Social Whisper

Archive for the ‘Semantic web’ Category

As the internet continues to develop through it various stages of growth it appears to be a bit like a child; initially once born it is just growing and getting accustomed to the surroundings as in Web 1.0, Web 2.0 the toddlers stage – learning to speak and communicate with other people in the world and matching words to objects.

Web 3.0 understanding the meaning behind the conversations and words and beginning to talk back to you and join in with the world around them, and then Web 4.0 the preschool age of building associations between actions the meaning of what is going on around them.
web 1.0 to 3.0

Internet growth is steadily increasing as advances in technology occur faster and faster with this growth is being based on humanising machines allowing them to understand us and how we think so we can work closer and more efficiently together.

While I think that this is more practical than trying to make humans evolve into thinking like computers, it does bring up the question that many technophob’s pose – how long will it be until computers run our lives?

I have phrased this as ‘run’ our lives and not as in Electric Dreams manner of ‘controlling or taking over’ our lives (sorry I don’t know if there are better examples of weird computer movies but that’s the only one I’ve seen).

More than 70% of people are now going online to find information and answers to their questions, however trivial without necessarily questioning the motive or source of the information.

Although I can’t find the article any more I remember reading about how in the future people will be able to Google ‘What shall I do today?’ which is slightly disturbing as although the answer could be ‘walk your dog’ (admittedly not very useful unless you have a dog), but what happens if your computer suddenly turns round and tells you to ‘kill your dog’ or worse?!


The geeky side of me has quite an interest in the semantic web, and so that and my latest interest and involvement with Twitter meant that this post on the Social Media Influence blog caught my attention: How Twitter could beat Google to the semantic web.

The article outlines an idea by Nick Bilton on how that due to people semantic webtwittering about what they are interested or doing while they’re actually doing it, ads could be highly targeted to what people are actually interested in at any one point in time.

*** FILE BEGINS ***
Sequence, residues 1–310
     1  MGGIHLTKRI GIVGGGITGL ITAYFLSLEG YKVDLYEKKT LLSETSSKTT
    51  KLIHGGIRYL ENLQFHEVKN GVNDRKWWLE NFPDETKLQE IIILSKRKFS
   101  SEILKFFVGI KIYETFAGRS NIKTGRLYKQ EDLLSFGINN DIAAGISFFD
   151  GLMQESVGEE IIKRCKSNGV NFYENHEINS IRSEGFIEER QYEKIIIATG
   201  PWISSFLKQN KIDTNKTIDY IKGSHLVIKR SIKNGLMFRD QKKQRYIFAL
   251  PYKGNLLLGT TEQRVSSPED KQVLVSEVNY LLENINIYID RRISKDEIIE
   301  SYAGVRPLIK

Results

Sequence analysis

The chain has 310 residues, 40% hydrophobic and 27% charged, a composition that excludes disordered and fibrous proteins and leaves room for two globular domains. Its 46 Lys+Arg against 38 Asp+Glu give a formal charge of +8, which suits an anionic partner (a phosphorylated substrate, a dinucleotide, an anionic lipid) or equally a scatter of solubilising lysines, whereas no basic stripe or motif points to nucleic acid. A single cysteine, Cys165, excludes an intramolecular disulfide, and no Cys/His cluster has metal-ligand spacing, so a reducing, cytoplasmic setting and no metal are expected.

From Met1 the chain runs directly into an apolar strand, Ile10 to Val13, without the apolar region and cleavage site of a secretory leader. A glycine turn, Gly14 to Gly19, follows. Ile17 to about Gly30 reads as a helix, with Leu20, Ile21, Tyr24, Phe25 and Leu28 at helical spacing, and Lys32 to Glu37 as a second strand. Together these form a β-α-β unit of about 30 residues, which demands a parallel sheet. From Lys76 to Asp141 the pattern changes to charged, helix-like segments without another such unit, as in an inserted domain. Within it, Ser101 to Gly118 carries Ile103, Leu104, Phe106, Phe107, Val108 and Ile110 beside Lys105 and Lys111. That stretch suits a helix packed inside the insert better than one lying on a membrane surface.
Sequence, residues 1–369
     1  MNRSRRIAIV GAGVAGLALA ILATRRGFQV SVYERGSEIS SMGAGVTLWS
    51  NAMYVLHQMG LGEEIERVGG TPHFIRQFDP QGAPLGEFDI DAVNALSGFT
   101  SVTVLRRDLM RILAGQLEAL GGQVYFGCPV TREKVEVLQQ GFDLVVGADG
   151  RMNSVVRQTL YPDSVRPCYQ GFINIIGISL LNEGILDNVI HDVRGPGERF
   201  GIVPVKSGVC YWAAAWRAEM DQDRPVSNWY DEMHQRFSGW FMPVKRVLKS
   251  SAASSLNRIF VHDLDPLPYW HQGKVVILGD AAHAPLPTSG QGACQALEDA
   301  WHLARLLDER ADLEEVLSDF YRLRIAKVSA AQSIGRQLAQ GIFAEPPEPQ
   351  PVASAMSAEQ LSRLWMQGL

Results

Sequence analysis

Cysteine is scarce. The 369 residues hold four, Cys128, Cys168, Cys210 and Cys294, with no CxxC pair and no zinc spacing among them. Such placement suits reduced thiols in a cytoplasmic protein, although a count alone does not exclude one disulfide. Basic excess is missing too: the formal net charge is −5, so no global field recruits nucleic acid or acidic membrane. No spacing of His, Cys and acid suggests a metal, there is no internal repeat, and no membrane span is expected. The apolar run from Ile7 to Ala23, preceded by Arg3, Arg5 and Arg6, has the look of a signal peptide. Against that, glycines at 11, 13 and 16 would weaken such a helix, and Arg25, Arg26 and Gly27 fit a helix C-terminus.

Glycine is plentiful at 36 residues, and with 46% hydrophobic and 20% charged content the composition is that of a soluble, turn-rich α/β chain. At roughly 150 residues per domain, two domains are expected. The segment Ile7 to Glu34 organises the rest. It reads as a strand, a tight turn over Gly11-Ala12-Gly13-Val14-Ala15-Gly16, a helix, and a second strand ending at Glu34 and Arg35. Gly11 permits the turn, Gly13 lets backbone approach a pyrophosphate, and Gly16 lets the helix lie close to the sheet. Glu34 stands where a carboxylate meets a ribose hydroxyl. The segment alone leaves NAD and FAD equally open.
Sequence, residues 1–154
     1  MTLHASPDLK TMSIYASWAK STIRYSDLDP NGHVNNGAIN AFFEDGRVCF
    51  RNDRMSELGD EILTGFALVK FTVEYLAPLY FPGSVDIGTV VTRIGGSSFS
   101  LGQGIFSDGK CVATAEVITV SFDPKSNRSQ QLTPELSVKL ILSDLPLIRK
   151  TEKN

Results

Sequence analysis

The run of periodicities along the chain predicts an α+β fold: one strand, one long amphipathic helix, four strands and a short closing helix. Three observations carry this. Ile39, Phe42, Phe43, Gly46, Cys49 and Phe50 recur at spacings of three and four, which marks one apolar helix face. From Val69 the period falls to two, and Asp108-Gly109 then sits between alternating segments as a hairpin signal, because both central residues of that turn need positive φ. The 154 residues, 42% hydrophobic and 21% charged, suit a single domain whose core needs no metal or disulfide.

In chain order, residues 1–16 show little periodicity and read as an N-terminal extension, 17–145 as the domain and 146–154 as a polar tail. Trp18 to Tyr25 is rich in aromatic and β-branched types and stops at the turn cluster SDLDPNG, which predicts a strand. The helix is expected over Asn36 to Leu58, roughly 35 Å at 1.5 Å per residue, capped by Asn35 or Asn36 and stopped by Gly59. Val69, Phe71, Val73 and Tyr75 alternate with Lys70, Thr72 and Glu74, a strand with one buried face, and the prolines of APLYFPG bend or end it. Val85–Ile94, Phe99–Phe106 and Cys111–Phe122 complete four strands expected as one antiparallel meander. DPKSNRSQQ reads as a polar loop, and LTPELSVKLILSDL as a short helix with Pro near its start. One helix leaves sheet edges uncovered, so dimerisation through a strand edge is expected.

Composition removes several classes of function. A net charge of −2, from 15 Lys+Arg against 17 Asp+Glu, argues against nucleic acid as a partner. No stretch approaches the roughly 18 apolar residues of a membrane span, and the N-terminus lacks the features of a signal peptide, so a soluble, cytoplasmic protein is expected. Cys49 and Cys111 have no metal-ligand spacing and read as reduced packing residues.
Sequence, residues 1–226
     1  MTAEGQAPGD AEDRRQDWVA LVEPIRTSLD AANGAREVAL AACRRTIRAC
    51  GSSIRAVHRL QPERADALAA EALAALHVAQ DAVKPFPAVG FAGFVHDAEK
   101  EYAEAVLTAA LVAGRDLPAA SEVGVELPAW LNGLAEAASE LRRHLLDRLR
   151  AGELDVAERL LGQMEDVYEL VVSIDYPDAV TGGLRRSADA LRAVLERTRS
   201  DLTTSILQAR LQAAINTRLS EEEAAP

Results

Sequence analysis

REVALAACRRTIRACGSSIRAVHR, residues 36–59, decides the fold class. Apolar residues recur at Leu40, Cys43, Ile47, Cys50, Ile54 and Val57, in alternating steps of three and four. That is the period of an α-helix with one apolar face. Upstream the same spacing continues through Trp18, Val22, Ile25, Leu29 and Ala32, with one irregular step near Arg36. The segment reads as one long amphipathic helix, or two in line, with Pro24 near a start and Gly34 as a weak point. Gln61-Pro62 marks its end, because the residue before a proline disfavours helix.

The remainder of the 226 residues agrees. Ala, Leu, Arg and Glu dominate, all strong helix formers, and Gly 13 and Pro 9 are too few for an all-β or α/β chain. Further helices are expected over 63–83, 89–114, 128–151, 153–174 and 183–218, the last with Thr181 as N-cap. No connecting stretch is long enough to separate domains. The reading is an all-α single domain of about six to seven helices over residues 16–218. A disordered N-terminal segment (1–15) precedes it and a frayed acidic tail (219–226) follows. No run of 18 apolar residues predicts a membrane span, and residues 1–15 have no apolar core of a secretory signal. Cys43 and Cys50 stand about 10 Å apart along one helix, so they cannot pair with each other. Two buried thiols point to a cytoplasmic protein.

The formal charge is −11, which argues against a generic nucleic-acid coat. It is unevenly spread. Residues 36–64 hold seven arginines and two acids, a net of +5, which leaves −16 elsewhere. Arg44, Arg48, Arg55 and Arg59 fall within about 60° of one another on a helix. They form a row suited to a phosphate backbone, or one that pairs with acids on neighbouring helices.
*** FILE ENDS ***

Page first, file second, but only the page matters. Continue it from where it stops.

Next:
Mark Evans at Twitterrati does however point out how that this could only be applicable to people that actually use Twitter to inform people of what they are doing or thinking at certain points of the day, and so may not be relevant for users that use Twitter as more of an information or research tool.

Although I’m fairly new to Twitter and still finding it hard getting used to posting updates (admittedly the updates I do post are normally whatever random thought I have in my head at the time), I do find other peoples posts really interesting when I get the time to read them – both those that are informative as well as those that are completely random.

But I do agree with Mark’s comment as I although I enjoy the random posts, what I find Twitter most useful for is as a place where useful information is consolidated into bitesized chunks that I can quickly review when I have 5 minutes.

What also came out of the post which had never occurred to me is to use Twitter as a search tool for what I am looking for, which I’m going to start trying to do the next time I’m on the hunt for information.

I have recently discovered Juice through a friend and despite initially thinking that this was just another add on I have quickly become a fan and am finding it more useful than Google. It’s currently still in beta but is available for anyone to download.
Its works by the user highlighting a section of text that they are reading and dropping it into the Juice app on your screen. It then instantly brings back ‘context relevant information’. It is created by Linkool Labs who use a natural language process and dictionary management system to create meaning behind the keywords selected.

Apart from the fact that throughout today it has provided me with more help than Google, it’s feeding my (albeit slightly geeky) interest for technology that evolves the semantic web by actually understanding what it is searching rather than just bringing back some thing it hopes is relevant.

Its not yet perfect but I already love it.

I have just discovered Twine which is a new generation of social bookmarking that combines Twitter like functions as well as allowing you to make connections and meet new people. It is like a social network for sharing, organizing and finding knowledge – a social network search engine if you like. Described as a hub of collective intelligence, its aim is to become your primary touch-point for content on the Web.

While I’m still getting to grips with how it works and creating my own twines etc. I also found an interesting interview on Future Blogger with Nova Spivack – Twine Creator and CEO, about Twine and its direction as well as the future of the Semantic web.

This graph from the interview looks at the future direction of the web, and that how as technologies become more advanced how our methods of finding information on the web evolve.

Interestingly it suggests that the era of Web 2.0 will soon be over – well 2010.  Meaning that the internet will be moving from its current social system to a semantic approach where technologies will become more intelligent and so organise our information by having a better understanding of the meaning of our data.

While this may mean that Google will have to up its game in the next couple of years to maintain its dominance of the Web, it does mean that as we start to enter this web 2.0/ 3.0 mashup we should probably start thinking about taking a semantic approach.


May 2018
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